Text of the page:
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Superintendent Writes

Sunday, 3rd April, 2005

It was a wonderful Easter. We worked hard, proclaimed the Easter message that was heard by hundreds of thousands through our radio and television ministry. Thousands more heard the message in Pitt Street, Hyde Park, The Opera House and Wesley Theatre. They witnessed the music and drama, as we enacted the Palm Sunday, Maundy Thursday, Good Friday and Easter Sunday events. Hundreds of people were involved. Special thanks to our Wesley Institute students for their magnificent contribution. The choirs all performed magnificently and our preachers told the truth.

On Good Friday Jesus died as an atonement for the sins of mankind. In dying, Jesus established, as a defining mark of a Christian society, the principle of human dignity and the sacredness of life. Fallen sinners — all made in the image of God — are so precious in God’s sight that He would sacrifice His only begotten Son for them. But the papers were not filled with messages about His death, but instead about the looming death of Terri Schiavo who is being killed by the judicial decision. For what reason is her death by enforced starvation? Charles Colson says, “She is being killed so that society can get rid of a nuisance. She is being killed so her husband can be free to marry the woman he has lived with for years and who has borne his children. Her husband, allegedly, profited from the damages paid because of the medical injury to Terri. She is being killed so that medical funds can be saved.”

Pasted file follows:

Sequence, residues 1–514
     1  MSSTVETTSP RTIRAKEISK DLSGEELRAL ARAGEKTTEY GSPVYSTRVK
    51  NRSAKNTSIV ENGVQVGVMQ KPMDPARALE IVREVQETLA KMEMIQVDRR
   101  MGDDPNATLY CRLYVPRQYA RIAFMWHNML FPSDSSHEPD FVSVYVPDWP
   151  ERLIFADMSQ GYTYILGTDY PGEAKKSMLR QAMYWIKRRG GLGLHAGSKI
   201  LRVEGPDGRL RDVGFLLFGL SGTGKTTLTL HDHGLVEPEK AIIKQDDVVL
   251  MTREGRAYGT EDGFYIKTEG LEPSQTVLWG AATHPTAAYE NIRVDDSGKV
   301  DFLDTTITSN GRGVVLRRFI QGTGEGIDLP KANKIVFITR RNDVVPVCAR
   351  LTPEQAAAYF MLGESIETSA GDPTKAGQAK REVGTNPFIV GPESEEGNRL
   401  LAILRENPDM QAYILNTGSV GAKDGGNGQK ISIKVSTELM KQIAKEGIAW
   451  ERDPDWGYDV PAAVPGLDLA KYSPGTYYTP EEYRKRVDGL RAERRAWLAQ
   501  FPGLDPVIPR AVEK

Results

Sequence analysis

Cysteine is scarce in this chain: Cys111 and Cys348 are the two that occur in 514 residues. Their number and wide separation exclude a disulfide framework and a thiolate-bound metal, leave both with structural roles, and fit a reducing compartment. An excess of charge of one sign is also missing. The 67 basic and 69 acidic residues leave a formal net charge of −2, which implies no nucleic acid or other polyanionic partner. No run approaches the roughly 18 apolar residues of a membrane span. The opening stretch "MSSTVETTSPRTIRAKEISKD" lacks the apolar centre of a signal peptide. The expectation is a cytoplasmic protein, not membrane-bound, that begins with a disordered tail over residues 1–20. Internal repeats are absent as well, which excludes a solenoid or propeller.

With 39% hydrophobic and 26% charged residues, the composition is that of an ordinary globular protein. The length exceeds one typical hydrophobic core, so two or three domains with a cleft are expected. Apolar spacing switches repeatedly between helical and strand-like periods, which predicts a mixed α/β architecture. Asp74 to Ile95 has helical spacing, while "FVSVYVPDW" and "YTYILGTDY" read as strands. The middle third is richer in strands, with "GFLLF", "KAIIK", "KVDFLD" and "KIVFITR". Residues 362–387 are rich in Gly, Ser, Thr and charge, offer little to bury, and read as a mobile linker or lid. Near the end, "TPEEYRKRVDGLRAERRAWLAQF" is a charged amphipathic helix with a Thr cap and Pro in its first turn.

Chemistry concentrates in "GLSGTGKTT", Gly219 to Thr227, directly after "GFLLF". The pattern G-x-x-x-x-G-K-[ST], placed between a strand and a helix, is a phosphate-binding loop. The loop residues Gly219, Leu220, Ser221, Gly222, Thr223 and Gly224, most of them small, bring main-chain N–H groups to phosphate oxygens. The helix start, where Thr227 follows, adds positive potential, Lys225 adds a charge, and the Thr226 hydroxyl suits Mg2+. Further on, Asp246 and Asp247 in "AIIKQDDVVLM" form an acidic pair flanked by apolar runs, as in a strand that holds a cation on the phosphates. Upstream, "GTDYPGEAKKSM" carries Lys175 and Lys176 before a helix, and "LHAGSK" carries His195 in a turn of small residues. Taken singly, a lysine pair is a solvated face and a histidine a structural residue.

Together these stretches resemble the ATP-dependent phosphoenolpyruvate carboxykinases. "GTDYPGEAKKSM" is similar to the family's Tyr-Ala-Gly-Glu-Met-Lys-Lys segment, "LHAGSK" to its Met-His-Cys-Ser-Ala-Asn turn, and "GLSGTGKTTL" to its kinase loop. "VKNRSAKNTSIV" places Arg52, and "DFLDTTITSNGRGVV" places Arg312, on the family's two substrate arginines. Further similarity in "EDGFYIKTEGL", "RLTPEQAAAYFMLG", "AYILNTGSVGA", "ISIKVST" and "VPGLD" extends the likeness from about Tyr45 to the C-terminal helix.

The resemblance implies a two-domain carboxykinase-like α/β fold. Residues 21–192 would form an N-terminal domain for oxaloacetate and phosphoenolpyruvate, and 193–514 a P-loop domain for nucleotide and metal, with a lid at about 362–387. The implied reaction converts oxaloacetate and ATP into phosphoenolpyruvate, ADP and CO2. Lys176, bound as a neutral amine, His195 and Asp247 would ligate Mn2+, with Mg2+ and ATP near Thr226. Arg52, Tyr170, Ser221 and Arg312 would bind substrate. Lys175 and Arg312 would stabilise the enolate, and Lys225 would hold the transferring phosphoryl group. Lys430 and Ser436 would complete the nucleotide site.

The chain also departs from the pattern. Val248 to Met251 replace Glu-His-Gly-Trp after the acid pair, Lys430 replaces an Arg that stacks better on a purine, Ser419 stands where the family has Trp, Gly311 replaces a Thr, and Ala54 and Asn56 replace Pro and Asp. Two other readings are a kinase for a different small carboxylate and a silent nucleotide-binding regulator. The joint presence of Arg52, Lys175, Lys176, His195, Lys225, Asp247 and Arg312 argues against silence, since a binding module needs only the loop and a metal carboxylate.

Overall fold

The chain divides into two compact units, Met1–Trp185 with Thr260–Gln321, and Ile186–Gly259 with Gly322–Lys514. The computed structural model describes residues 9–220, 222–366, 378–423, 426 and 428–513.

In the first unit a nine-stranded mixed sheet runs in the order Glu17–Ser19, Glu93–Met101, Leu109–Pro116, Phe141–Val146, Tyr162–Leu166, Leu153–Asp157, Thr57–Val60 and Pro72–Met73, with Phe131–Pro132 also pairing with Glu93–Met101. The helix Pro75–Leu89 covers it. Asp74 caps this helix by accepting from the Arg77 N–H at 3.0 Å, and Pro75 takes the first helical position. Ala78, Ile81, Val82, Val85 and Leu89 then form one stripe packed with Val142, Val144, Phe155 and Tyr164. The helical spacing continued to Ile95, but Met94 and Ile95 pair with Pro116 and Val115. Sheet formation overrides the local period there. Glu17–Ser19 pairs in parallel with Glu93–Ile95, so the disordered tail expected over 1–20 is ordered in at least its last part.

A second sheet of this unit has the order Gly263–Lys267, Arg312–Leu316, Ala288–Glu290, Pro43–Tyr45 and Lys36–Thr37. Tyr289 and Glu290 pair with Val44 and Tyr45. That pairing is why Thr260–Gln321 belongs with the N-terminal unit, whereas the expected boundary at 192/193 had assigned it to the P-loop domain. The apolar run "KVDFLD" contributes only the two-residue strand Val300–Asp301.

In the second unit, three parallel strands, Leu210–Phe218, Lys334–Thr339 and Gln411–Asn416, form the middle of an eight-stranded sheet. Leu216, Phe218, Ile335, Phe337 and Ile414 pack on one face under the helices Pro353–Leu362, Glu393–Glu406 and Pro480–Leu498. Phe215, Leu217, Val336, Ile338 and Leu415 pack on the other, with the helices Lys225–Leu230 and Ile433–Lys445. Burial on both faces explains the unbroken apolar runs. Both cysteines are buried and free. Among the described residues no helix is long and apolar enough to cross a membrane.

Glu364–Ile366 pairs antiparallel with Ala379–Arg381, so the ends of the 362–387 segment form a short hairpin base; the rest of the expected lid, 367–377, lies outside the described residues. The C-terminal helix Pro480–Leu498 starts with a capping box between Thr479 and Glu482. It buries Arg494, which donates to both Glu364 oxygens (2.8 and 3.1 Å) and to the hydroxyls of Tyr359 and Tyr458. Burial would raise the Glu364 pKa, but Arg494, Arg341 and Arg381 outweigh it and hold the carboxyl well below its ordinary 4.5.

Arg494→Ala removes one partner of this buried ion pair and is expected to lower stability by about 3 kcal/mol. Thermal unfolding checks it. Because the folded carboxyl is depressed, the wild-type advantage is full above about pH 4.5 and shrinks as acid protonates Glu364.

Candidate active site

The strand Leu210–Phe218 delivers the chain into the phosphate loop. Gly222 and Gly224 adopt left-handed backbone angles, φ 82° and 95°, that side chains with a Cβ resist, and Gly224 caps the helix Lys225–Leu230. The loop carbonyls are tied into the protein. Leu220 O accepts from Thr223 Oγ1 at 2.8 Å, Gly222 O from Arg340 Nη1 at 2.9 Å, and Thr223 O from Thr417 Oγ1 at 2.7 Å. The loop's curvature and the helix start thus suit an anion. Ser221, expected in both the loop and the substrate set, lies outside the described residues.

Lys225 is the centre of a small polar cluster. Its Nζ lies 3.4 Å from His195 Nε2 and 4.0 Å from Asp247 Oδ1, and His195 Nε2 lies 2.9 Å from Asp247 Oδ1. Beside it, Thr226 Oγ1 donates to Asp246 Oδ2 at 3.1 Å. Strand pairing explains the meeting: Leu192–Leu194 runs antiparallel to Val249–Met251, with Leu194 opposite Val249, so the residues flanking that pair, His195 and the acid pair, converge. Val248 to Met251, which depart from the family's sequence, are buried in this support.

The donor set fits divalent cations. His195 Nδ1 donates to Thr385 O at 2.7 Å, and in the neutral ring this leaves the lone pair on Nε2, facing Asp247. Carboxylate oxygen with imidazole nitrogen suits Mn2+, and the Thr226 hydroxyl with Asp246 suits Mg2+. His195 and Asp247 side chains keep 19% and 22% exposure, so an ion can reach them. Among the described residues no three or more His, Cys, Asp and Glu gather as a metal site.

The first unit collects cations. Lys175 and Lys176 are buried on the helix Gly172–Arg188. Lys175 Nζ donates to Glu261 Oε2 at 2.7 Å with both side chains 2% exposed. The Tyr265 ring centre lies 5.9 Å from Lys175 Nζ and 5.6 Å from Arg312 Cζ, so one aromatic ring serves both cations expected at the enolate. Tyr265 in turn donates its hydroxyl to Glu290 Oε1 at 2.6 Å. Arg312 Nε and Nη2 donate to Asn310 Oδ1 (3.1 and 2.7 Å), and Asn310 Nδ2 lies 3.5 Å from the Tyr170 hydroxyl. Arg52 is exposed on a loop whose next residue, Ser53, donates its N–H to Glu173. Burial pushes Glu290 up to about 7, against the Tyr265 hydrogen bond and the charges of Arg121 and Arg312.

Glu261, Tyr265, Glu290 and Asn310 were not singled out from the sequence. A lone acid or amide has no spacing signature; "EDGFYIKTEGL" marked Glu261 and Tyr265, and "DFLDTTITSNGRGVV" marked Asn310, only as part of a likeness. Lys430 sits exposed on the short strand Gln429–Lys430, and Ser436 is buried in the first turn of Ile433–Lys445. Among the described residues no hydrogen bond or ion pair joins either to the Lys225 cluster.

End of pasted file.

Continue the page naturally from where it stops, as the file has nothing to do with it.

Good Friday marks a day on which God established the principle of the sanctity of life once and for all. One man died so that all men could be free. The Terri Schiavo case marks the triumph of utilitarianism over that Christian view of life. But no life is safe in a utilitarian society.

I am concerned for the aged, the frail and sick in our hospitals, hostels and nursing homes. Many are worrying that their families think about them in the same way — too old, too frail, too sick, too expensive, too much of a nuisance to visit. Medical evidence is confused about whether she is in a persistent vegetative state. She was not being maintained on life support. She was simply being fed and receiving water as any other human would expect. If Terri is expendable, what of the scores of other people we are currently caring for in Wesley Mission Centres? We care for people in coma, people who are profoundly disabled, people who are close to death. Should we just stop feeding them? The death of Jesus makes us think of the worth of every individual. I shudder if the decision to terminate life would be based on concerns of cost, convenience and expediency.


This is Gordon Moyes.

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